ISSN: 1001-0602
EISSN: 1748-7838
2012 impact factor 10.526*
(Thomson Reuters, 2013)
Free Sample Issue

VOLUME 28 ISSUE 10(10,2018): 1039-1041


Threshold for neural tube defect risk by accumulated singleton loss-of-function variants OPEN


Zhongzhong Chen 1,2, Yunping Lei 3,4, Yufang Zheng 1,2,5,Vanessa Aguiar-Pulido 6, M. Elizabeth Ross 6, Rui Peng 1, Li Jin 1,2,Ting Zhang 7, Richard H. Finnell 3,4 and Hongyan Wang 1,2,8,9


1Obstetrics and Gynecology Hospital, State Key Laboratory of Genetic Engineering at School of Life Sciences, Institute of Reproduction and Development, Fudan University, Shanghai 200011, China; 2Key Laboratory of Reproduction Regulation of NPFPC, Collaborative Innovation Center of Genetics and Development, Fudan University, Shanghai 200032, China; 3Departments of Molecular and Cellular Biology and Medicine, Baylor College of Medicine, Houston, TX 77030, USA; 4Collaborative Innovation Center for Genetics & Development, School of Life Sciences, Fudan University, Shanghai 200438, China; 5Institute of Developmental Biology & Molecular Medicine, Fudan University, Shanghai 200433, China; 6Center for Neurogenetics, Weill Cornell Medicine, New York, NY 10021, USA; 7Capital Institute of Pediatrics, Beijing 100020, China; 8Children’s Hospital, Fudan University, 399 Wanyuan Road, Shanghai 201102, China and 9Institutes of Biomedical Sciences, Fudan University, Shanghai 200032, China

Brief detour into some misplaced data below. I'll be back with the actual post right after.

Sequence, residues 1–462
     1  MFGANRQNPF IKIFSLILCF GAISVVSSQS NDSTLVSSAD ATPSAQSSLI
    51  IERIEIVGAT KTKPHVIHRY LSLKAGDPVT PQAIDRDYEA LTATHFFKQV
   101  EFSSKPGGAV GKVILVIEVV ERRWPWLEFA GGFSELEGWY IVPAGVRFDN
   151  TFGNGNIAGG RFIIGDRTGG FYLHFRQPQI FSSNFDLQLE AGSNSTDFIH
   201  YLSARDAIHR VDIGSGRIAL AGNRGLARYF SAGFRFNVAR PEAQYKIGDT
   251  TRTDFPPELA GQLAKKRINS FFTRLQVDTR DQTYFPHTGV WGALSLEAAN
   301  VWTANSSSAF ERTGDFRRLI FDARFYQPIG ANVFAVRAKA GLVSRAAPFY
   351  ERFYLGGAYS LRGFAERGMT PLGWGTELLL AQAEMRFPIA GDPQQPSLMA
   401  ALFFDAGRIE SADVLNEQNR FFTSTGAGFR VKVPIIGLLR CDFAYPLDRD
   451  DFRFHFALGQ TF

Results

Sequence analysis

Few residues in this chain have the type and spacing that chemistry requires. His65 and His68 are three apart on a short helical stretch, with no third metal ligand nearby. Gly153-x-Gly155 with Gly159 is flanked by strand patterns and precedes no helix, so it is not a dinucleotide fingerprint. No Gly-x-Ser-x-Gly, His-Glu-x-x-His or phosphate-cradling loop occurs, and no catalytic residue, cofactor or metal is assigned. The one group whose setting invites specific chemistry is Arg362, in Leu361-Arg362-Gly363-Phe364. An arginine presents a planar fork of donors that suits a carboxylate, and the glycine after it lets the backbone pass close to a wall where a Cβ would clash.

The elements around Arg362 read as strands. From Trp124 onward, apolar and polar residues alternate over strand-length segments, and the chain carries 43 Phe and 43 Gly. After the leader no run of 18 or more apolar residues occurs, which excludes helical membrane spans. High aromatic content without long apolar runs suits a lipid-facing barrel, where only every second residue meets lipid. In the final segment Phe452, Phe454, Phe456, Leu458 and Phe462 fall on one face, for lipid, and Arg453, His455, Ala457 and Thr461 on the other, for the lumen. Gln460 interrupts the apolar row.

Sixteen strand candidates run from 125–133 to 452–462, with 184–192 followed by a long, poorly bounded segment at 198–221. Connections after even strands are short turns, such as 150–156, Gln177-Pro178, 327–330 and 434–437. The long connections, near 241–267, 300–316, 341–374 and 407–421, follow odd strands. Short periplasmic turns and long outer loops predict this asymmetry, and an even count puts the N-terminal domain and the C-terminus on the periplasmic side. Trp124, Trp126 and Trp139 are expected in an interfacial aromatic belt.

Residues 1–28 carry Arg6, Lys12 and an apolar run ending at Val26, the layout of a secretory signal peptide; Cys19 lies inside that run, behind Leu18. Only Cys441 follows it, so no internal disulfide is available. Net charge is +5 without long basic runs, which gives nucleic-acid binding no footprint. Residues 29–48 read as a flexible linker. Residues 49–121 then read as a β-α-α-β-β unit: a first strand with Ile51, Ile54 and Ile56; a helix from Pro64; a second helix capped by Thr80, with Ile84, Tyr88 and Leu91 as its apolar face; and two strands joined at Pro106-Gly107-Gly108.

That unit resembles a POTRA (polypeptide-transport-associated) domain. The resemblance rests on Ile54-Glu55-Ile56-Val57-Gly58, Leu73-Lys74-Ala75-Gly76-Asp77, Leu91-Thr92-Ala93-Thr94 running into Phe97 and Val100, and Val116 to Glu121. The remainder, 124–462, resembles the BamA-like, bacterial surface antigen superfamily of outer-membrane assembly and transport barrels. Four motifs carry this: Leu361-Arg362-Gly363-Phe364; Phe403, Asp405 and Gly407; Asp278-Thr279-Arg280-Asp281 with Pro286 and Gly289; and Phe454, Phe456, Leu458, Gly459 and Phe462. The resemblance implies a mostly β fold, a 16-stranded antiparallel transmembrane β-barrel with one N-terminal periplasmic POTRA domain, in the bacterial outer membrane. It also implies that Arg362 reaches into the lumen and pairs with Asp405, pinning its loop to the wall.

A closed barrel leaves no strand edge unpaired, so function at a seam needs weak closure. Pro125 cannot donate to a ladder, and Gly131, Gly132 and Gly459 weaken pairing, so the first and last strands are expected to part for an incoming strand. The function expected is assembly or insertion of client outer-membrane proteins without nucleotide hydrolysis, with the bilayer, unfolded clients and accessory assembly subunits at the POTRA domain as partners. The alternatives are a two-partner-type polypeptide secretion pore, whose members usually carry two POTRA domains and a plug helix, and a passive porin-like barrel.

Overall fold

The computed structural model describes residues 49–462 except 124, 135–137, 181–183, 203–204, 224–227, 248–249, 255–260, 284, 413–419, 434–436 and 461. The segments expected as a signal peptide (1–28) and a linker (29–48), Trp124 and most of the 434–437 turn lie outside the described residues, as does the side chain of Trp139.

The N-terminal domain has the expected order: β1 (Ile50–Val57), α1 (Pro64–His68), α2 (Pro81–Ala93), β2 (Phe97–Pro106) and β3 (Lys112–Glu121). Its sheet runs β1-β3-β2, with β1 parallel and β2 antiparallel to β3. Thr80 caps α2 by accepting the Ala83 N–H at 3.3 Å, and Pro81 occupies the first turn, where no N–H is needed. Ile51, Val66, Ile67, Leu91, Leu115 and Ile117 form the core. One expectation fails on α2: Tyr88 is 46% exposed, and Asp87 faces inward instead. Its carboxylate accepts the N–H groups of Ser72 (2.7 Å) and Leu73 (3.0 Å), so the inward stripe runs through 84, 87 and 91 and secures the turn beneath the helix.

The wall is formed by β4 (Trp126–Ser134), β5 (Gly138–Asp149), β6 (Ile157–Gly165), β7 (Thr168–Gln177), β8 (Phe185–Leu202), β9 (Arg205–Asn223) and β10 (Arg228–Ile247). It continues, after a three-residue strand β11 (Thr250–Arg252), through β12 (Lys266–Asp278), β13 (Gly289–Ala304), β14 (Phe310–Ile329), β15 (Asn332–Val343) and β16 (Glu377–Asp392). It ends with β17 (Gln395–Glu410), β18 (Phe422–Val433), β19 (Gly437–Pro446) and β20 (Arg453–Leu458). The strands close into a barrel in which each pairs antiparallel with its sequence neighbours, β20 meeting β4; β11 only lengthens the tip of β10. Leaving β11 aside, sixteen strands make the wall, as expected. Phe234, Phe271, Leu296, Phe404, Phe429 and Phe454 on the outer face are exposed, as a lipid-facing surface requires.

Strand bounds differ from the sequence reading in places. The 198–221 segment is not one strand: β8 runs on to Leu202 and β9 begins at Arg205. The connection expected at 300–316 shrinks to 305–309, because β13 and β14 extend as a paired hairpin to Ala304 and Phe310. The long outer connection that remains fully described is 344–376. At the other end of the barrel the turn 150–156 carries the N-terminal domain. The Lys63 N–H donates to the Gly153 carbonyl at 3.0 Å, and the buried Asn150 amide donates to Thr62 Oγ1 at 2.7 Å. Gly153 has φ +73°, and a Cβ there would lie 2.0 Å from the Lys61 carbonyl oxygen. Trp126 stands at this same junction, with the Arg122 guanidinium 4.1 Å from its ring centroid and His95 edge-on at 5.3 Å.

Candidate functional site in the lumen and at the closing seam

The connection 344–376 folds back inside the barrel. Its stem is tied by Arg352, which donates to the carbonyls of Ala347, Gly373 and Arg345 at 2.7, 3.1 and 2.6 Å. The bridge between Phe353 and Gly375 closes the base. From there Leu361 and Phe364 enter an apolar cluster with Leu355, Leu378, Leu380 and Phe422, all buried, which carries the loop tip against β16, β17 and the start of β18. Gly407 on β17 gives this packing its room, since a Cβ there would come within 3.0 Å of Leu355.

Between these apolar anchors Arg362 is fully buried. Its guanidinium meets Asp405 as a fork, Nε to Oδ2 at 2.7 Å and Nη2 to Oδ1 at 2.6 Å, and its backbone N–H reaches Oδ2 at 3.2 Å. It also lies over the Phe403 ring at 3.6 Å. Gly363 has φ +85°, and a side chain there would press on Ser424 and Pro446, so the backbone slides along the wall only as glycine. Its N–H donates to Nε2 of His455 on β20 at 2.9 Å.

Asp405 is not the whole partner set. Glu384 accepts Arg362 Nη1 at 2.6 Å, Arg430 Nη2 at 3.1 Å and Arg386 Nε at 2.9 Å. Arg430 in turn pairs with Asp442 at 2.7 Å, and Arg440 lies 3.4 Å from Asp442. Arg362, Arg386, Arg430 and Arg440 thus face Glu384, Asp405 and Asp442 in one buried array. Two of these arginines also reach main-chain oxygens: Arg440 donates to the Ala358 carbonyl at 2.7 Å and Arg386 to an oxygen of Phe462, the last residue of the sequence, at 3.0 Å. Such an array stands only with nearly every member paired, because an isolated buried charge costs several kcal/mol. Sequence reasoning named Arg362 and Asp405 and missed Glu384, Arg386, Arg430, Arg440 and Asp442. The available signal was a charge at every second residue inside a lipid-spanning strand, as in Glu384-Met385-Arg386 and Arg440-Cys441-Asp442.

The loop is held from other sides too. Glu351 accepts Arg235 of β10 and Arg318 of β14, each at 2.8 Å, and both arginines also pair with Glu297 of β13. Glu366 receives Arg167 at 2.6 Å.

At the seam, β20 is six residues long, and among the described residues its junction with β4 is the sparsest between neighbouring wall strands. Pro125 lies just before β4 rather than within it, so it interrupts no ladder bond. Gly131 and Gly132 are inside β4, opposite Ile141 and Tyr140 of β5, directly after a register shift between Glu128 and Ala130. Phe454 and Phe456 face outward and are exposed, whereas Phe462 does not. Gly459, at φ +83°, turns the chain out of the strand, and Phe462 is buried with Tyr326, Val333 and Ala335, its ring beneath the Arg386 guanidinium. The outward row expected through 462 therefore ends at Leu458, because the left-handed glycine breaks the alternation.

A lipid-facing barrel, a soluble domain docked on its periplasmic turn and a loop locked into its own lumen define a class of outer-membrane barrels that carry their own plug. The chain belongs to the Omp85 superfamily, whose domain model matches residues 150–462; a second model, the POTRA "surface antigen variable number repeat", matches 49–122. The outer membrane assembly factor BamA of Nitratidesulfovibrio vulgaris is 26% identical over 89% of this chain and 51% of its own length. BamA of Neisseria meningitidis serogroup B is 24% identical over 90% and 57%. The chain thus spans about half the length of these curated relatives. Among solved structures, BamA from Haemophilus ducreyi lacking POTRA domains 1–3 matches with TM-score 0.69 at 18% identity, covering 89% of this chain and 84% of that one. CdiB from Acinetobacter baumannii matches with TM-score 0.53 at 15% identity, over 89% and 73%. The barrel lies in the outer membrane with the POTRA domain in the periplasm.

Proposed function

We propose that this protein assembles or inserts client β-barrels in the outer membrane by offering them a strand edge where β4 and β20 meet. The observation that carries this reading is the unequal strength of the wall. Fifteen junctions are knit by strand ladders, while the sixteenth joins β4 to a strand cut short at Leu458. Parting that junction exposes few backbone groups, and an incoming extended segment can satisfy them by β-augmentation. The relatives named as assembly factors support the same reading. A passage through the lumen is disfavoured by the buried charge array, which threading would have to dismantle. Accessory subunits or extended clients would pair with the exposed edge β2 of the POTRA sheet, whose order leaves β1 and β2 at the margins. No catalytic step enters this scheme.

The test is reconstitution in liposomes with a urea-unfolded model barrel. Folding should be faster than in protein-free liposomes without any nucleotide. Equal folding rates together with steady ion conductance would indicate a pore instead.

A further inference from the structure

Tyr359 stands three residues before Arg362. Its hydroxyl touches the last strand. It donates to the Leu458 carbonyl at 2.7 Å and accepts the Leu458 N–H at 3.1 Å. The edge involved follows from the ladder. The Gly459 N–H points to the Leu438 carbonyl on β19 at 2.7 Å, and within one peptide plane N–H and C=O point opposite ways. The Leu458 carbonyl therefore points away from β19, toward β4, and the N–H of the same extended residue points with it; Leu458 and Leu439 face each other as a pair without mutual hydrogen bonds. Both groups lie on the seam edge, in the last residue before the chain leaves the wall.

Correspondence:These authors contributed equally: Zhongzhong Chen, Yunping Lei,
and Yufang Zheng
Correspondence: Ting Zhang ( or
Richard H. Finnell ( or
Hongyan Wang (        


Dear Editor,

Neural tube defects (NTDs) are a class of major structural malformations affecting the brain and spinal cord. They are among the most common congenital anomalies with a worldwide prevalence of 0.1%.1,2 Elucidating the genetic basis of their complex etiology has eluded our best efforts to date. Although there are more than 400 genes capable of producing an NTD phenotype when mutated in the mouse,3,4 studies of human candidate genes based on mouse NTD genes have not been informative, except for genes in the planar cell polarity pathway.5 Recently, an omnigenic model of inheritance was proposed for complex traits, suggesting that the associated signals tend to spread across almost the entire genome.6 In light of this new perspective on the genomic architecture of complex traits, we re-evaluated whole-genome sequencing (WGS) data from three different NTD cohorts (Han Chinese, Caucasian USA, and Middle Eastern/Qatar).

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